Floyd's brother after verdict: 'We are able to breathe again'

Floyd's brother after verdict: 'We are able to breathe again'
© Greg Nash

George Floyd’s brother praised the jury's decision to find former Minneapolis police officer Derek Chauvin guilty of all three criminal charges in the murder of Floyd, saying "we are able to breathe again” following Chauvin's conviction.

“I get calls, I get DMs, people from Brazil, from Ghana, from Germany, everybody, London, Italy, they're all saying the same thing. We won't be able to breathe until you are able to breathe. Today, we are able to breathe again,” Floyd's brother, Philonise Floyd, said at a press conference alongside other family members and advocates.


Floyd, at the beginning of his remarks, said he feels “relieved” that he finally has the “opportunity for hopefully getting some sleep,” adding that it has been a “long journey.”

Chauvin was found guilty of all charges against him on Tuesday, including second-degree murder, second-degree manslaughter and third-degree murder.

He was captured on video footage last May kneeling on Floyd’s neck for more than nine minutes as Floyd said he could not breathe. Floyd was later pronounced dead at a local hospital.

Philonise Floyd reflected on how the country watched his brother’s death, calling it a “motion picture.”


“Today, you have the cameras all around the world to see and show what happened to my brother. It was a motion picture, the world seeing his life being extinguished. And I could do nothing but watch, especially in that courtroom, over and over and over again, as my brother was murdered,” Floyd said.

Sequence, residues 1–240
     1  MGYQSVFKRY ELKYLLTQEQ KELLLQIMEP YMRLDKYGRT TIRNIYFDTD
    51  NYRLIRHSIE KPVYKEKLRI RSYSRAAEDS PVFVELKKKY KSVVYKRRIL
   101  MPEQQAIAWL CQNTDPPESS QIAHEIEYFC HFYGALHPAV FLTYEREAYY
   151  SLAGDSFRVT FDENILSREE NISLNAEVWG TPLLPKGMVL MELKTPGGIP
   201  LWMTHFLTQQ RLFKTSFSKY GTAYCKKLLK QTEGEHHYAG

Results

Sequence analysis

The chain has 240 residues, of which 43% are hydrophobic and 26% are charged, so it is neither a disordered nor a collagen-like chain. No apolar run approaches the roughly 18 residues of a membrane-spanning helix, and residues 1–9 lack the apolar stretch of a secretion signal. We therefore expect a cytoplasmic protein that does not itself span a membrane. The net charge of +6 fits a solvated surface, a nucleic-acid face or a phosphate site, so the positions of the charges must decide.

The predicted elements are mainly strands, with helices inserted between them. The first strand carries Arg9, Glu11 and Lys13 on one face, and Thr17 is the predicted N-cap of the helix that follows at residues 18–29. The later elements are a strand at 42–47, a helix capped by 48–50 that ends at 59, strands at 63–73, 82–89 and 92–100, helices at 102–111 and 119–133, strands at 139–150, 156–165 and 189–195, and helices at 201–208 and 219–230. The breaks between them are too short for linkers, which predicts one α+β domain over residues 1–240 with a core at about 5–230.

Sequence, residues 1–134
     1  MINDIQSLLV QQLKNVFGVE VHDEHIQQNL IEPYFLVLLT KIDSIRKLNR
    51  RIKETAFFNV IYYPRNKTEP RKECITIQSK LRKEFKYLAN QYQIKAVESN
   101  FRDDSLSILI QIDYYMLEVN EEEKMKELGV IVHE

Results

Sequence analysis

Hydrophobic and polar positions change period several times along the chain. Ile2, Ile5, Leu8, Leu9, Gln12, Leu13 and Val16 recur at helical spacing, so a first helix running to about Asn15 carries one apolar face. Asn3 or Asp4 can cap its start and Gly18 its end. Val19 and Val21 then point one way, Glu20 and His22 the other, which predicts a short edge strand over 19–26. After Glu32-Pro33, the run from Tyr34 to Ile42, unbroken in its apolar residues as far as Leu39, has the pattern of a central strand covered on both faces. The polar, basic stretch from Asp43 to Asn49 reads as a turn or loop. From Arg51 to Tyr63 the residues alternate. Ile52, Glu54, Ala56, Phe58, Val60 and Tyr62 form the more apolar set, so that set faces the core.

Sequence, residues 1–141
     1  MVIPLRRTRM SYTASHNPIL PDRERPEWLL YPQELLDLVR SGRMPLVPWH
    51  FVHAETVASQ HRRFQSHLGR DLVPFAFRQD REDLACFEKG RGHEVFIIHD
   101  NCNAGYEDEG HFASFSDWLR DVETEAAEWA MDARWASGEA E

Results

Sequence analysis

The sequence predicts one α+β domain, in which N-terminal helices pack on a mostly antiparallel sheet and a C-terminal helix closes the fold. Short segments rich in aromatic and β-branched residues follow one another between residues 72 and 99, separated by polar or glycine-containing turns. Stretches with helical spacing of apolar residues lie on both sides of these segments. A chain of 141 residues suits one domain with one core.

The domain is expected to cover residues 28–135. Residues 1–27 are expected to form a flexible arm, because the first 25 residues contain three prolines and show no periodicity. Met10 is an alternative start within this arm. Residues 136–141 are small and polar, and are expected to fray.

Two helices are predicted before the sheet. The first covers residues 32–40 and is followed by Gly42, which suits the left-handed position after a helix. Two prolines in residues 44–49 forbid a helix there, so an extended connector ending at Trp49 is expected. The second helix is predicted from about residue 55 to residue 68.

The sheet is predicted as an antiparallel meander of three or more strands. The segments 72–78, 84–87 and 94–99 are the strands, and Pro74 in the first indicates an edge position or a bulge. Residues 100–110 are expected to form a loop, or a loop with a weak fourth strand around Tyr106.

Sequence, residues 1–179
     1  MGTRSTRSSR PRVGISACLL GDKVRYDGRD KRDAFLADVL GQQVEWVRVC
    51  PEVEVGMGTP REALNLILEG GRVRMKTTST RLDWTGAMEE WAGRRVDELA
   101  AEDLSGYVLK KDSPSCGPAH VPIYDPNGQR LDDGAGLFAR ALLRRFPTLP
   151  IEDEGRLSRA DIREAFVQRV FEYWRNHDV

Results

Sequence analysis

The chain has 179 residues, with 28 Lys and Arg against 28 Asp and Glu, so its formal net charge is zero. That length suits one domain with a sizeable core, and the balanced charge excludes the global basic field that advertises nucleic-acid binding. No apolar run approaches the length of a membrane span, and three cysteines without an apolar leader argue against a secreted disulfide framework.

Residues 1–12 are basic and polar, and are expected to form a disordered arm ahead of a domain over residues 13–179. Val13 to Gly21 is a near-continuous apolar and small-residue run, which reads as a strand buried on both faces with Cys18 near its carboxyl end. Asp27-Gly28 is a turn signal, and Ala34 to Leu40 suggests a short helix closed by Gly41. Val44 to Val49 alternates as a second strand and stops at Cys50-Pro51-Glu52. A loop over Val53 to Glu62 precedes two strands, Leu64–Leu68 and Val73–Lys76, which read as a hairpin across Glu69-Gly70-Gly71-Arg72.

He also said that times are “getting harder everyday,” referencing the death of 20-year-old Daunte Wright, who was fatally shot by police on April 11 in Brooklyn Center, Minn., which is located approximately 10 miles from the courthouse where Chauvin's trial took place.

“He should still be here,” Floyd said of Wright, adding “I’m gonna put up a fight every day, because I’m not just fighting for George anymore, I’m fighting for everybody around this world.”

Floyd also referenced Emmett Till, the Black teenager who was lynched in 1955, calling him “the first George Floyd.”

In an interview with CNN following the verdict, Philonise Floyd said it was a “bit of relief” to hear from the jury, adding that he “actually paced back and forth before I even went into the courtroom.”

He added that listening to the words “guilty, and guilty, and guilty on all counts” was a “moment that I will never be able to relive, I will always have it inside of me.”

“It’s just, being able to know that it’s justice for African American people, just people of color period in this world, this is monumental, this is historic, this is a pivotal moment in history,” Floyd continued.

He said all he could think about was other African Americans who were killed, including Till, Wright, Sandra Bland and Eric Garner, among others.

“And we all need justice, we’re all fighting for one reason and it’s justice for all and I think today has been a occasion where people can celebrate, but tomorrow it’s back to business, because we have to stay steps ahead of everything, and we’ll keep pushing, and we’ll keep phishing, and like Reverend Al say, we’ll keep fighting,” Floyd said.